Infectious disease accounts for more death and disability globally than either non-infectious disease or injury. This book contains a breadth of different quantitative approaches to understanding the patterns of infectious diseases in populations, and the design of control strategies to lessen their effect. The contributors bring a great variety of mathematical expertise (including deterministic and stochastic modelling and statistical data analysis) and involvement in a wide range of applied fields across the spectrum of biological, medical and social sciences. The aim is to increase interaction between specialities by describing research on many of the infectious diseases that affect humans, including both viral diseases like measles and AIDS and tropical parasitic infections. The papers are divided into groups dealing with problems relating to transmissible diseases, vaccination strategies, the consequences of treatment interventions, the dynamics of immunity, heterogeneity of populations, and prediction.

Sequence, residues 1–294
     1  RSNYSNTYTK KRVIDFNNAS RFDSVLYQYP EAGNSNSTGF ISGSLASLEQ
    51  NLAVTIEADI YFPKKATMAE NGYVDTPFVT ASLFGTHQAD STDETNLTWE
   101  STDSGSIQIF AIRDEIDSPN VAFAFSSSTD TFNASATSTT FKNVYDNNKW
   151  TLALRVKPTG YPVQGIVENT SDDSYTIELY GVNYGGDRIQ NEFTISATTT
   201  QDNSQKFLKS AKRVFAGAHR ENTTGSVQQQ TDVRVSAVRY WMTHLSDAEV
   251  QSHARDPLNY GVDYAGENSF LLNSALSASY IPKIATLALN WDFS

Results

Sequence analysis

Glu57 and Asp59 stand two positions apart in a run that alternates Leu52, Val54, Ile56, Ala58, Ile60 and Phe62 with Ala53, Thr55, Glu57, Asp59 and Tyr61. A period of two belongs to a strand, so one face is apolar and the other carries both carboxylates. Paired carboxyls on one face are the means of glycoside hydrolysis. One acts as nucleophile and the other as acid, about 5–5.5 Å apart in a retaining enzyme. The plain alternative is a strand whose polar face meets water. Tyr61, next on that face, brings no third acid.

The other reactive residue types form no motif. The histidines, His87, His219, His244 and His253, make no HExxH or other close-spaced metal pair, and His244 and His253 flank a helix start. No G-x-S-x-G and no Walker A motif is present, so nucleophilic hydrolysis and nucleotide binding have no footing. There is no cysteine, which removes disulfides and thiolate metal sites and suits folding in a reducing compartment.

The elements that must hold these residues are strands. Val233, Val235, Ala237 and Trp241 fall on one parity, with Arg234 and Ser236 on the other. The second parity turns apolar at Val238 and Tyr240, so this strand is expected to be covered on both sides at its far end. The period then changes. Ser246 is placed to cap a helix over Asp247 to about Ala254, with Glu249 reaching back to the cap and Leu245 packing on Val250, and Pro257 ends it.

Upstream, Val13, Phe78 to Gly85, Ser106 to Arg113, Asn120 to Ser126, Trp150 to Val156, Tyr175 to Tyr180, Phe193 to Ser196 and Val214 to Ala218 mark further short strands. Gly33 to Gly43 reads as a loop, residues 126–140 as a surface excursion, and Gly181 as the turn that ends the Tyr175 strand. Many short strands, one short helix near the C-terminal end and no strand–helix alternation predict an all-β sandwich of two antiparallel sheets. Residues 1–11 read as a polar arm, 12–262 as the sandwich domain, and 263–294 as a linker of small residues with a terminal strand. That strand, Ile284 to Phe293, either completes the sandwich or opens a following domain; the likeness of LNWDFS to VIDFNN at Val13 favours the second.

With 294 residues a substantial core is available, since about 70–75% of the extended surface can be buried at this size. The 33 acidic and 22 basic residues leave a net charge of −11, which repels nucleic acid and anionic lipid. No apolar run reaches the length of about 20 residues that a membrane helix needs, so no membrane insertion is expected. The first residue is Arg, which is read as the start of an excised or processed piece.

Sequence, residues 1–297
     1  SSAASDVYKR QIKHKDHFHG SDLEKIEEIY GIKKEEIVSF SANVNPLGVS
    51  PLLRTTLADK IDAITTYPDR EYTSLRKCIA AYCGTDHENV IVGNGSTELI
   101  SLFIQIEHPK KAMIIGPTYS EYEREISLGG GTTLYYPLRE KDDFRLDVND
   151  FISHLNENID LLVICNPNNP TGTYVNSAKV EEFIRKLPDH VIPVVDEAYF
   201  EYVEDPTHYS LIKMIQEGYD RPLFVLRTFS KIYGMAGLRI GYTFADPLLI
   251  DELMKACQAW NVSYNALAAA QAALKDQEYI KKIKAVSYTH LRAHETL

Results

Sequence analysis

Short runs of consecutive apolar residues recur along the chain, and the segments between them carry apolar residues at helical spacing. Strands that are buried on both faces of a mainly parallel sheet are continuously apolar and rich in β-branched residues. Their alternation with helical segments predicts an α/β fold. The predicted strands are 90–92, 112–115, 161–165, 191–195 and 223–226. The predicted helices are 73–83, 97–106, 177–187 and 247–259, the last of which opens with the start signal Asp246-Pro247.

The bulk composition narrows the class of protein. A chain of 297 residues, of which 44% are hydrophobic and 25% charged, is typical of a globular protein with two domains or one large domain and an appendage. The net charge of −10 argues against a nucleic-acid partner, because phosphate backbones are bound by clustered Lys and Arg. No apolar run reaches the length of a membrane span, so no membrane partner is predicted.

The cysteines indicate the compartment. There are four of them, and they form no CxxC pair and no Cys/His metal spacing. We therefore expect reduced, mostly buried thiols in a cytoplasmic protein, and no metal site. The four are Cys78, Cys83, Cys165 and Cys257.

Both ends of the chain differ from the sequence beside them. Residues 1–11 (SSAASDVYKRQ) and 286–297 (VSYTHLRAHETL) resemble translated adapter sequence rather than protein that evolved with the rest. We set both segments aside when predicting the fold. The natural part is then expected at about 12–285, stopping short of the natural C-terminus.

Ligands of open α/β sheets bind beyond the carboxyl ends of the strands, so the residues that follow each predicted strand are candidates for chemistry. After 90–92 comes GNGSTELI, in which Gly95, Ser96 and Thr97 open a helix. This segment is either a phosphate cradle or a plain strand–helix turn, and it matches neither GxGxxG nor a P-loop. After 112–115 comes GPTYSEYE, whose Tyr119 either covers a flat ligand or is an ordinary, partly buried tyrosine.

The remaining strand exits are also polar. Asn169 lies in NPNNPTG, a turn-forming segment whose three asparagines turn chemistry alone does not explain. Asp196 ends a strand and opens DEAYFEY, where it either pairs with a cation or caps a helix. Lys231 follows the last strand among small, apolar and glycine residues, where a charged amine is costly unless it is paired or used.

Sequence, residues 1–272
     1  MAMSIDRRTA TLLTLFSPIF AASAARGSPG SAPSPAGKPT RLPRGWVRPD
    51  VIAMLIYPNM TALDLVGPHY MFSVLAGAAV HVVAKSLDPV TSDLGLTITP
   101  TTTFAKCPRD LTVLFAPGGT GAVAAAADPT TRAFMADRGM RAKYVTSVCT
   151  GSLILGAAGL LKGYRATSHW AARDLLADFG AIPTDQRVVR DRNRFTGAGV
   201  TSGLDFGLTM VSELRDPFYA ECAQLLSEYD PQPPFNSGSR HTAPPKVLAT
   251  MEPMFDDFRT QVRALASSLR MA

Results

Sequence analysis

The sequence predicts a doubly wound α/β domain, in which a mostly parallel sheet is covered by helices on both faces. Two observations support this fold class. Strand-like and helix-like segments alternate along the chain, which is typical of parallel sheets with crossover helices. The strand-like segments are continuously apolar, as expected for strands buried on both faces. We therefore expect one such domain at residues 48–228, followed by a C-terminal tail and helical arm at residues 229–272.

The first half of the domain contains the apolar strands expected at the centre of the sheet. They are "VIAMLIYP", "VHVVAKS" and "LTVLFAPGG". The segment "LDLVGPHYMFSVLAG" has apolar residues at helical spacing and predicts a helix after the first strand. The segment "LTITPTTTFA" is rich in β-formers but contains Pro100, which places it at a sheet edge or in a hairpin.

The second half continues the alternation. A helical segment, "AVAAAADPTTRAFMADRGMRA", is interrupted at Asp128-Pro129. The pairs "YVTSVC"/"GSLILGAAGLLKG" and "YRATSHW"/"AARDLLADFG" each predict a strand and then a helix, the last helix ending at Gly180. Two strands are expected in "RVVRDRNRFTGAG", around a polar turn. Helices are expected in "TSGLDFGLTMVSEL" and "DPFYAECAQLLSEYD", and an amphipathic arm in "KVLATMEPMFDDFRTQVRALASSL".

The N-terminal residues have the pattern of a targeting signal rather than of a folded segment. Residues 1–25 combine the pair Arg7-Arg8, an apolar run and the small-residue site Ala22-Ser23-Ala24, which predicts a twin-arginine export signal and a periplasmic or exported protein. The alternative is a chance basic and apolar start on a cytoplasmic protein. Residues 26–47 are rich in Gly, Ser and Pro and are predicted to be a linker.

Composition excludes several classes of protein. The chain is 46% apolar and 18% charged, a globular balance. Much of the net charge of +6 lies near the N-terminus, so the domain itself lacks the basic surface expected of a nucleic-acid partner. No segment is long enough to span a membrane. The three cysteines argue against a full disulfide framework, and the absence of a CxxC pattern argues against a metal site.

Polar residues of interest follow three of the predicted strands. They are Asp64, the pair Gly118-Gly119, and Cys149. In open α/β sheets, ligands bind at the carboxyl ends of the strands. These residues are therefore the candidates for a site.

Publisher: Cambridge University Press
Number of pages: 516
Weight: 810 g
Dimensions: 228 x 152 x 36 mm
Review of the hardback: '... a valuable reference tool.' Robert Hiorns, Mathematics Today
"The case of infectious diseases is particularly interesting in that the spread of a disease within a population is determined in part by the structure of that population while infections do themselves determine aspects of population dynamics." B.S. Drasar, Epidemiol.Infect.
"...the topics presented are cutting edge, and need to be at the disposal of epidemiologists....this book should encourage public health researchers, epidemiologists and biostatisticians to consider broad applications and the use of different methods even more." Rob Lyerla, Journal of the American Statistical Association